CAREER / 12 July 2017How to Remain Optimistic During the Job Hunt
In today’s world, there are thousands of people applying for jobs with the hopes of being hired for their desired positions. Some of these people are overqualified and almost instantaneously given the job while others have to prove themselves to the employer. The candidates who interviewers deem “under-qualified” are asked questions meant to stump them. These questions are designed to show a recruiter whether a candidate is fit for the job. Some people succumb to these questions leaving them frustrated towards the companies and sometimes towards themselves. However, there are ways to overcome these tough questions and prove to recruiters that you are fit for the job.
One of the top reasons management may be hesitant to hire someone is because of their qualifications, especially someone who may be under qualified to their eyes. Some recruiters see this as a person who may not be able to work up to the standard the position requires them to do so and potentially not being a fit for the company. In some cases, it may be that the candidate has the proper education levels, but does not have as much experience as the company would want. It could also be the other way around. Whatever the case may be, the recruiter will ask tough questions to gauge the readiness of the candidate. It may appear as if the recruiter is purposely trying to not hire the candidate but in fact, the recruiter is making sure the candidate will benefit the company.
When asked an uncomfortable question, it is best to remember that interviewers are trained to see signs of uneasiness in the candidate. Certain questions are designed to get a reaction of the candidate. Recruiters are able to determine a lot about a candidate from the slightest body movement. Telltale signs of a question that bothers the candidate include body language, getting defensive, or negative cues such as dropped head/shoulders or sighing. If a candidate displays any of these signs, it only confirms to the interviewer any prior assumptions they had about a candidate regarding not being adept to the position they applied for.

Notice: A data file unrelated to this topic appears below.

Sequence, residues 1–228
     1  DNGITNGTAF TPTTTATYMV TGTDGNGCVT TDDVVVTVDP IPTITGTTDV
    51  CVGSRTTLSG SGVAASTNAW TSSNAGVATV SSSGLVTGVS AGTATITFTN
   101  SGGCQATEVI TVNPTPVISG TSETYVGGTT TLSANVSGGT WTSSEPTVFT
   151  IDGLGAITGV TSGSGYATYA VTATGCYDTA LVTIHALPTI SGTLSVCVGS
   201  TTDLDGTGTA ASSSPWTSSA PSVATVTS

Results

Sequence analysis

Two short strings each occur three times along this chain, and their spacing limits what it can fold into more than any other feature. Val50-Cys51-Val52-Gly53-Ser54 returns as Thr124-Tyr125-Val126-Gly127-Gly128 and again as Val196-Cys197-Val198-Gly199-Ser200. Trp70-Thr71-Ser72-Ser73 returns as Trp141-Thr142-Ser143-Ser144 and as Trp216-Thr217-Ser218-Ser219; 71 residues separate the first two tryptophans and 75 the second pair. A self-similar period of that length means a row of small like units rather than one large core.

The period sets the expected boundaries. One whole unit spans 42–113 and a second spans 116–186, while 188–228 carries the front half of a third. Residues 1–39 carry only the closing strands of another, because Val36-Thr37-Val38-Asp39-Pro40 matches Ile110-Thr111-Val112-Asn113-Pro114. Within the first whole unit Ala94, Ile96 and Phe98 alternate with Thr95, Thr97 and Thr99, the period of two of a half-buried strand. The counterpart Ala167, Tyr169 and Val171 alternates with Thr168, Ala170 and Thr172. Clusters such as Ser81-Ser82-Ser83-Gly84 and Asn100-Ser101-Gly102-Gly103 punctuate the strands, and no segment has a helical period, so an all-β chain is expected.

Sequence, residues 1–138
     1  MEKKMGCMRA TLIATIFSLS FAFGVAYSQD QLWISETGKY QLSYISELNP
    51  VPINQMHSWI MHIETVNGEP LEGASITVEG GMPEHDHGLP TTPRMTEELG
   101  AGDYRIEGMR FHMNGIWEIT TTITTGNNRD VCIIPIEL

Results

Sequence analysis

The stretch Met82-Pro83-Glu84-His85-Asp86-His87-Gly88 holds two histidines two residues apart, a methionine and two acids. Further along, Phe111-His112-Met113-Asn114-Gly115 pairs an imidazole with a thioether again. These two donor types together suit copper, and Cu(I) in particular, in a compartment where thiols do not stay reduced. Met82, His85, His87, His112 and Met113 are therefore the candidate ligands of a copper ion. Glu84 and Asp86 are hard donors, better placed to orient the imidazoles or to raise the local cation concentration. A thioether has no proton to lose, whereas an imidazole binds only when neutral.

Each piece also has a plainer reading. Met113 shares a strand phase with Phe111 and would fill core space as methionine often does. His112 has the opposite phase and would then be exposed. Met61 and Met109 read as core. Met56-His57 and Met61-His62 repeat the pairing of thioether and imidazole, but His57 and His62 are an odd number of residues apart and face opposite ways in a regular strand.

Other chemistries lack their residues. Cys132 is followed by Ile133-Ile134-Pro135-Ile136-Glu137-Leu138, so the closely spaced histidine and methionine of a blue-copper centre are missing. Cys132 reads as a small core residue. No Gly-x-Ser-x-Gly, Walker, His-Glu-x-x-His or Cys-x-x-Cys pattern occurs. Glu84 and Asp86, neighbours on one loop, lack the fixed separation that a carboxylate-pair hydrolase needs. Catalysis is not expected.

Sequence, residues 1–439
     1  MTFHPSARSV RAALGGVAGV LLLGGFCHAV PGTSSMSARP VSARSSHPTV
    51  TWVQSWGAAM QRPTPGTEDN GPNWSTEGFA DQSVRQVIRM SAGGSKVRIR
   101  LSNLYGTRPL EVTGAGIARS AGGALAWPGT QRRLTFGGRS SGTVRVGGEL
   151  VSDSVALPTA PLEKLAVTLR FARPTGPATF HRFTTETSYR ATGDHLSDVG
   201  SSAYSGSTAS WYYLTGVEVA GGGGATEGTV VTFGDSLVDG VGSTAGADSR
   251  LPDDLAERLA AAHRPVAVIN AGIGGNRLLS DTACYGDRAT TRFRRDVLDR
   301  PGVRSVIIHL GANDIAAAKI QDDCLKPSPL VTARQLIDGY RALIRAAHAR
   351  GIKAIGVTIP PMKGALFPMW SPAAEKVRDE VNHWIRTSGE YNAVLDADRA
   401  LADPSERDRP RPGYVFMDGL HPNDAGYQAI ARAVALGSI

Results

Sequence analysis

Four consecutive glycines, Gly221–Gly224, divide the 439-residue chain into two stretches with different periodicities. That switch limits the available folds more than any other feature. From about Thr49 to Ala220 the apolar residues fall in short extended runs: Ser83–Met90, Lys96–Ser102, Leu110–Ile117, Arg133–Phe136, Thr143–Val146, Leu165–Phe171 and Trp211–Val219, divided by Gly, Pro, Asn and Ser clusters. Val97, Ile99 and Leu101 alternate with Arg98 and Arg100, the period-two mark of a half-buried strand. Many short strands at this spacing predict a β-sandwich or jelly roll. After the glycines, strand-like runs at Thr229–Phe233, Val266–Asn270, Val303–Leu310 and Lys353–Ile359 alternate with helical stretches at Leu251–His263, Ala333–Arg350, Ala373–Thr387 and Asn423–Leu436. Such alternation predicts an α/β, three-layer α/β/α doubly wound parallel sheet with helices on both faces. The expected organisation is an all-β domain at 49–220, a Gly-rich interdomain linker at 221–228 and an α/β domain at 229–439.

The best way to overcome any of this problem is by practice. Learning how to overcome these problems before they arise gives you a significant advantage over other candidates who are applying for the same position. Practicing common interview questions will help candidates with having responses ready for when an interviewer may throw a tough question at them. You have to remember to stand your ground when asked a tough question and remain calm. Showing an indication of defeat will only lead to the interviewer to not consider you. Having a mock interview will allow you to practice how to speak throughout the interview and keep your poise. It is important to recognize what an interviewer may question your ability about and prove to them you are the best for the job. If you are able to show to the interviewer you are the best fit for a position that on paper says otherwise, nothing else will stand in your way.
It is one thing to read about techniques on how to overcome objections in your job search, but it is another to actively use these tools. In your next interview, take mental notes on what you are doing throughout the interview. From there, you are able to identify what your strengths and weaknesses are and determine what you need to improve upon. One thing to always remember during the interview process is that you were chosen for the interview for a reason. No recruiter is going to pick a random person to interview for a position. With that in mind, you have to reinforce to the recruiter that you are the best fit for the position.
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